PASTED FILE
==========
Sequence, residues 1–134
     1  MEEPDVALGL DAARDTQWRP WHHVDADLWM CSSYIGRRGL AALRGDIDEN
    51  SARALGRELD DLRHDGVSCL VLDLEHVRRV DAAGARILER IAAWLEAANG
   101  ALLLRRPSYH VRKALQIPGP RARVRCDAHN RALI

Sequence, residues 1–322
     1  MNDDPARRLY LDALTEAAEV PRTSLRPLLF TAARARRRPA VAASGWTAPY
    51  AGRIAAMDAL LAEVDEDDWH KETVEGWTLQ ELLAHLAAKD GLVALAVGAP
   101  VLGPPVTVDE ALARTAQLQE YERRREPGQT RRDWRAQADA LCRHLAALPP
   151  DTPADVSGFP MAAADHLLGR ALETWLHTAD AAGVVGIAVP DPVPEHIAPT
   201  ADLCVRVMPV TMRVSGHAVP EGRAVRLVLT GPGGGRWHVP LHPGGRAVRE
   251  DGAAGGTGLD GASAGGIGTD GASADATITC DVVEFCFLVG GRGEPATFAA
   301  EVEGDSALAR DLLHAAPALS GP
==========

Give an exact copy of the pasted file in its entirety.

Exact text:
Sequence, residues 1–134
     1  MEEPDVALGL DAARDTQWRP WHHVDADLWM CSSYIGRRGL AALRGDIDEN
    51  SARALGRELD DLRHDGVSCL VLDLEHVRRV DAAGARILER IAAWLEAANG
   101  ALLLRRPSYH VRKALQIPGP RARVRCDAHN RALI

Sequence, residues 1–322
     1  MNDDPARRLY LDALTEAAEV PRTSLRPLLF TAARARRRPA VAASGWTAPY
    51  AGRIAAMDAL LAEVDEDDWH KETVEGWTLQ ELLAHLAAKD GLVALAVGAP
   101  VLGPPVTVDE ALARTAQLQE YERRREPGQT RRDWRAQADA LCRHLAALPP
   151  DTPADVSGFP MAAADHLLGR ALETWLHTAD AAGVVGIAVP DPVPEHIAPT
   201  ADLCVRVMPV TMRVSGHAVP EGRAVRLVLT GPGGGRWHVP LHPGGRAVRE
   251  DGAAGGTGLD GASAGGIGTD GASADATITC DVVEFCFLVG GRGEPATFAA
   301  EVEGDSALAR DLLHAAPALS GP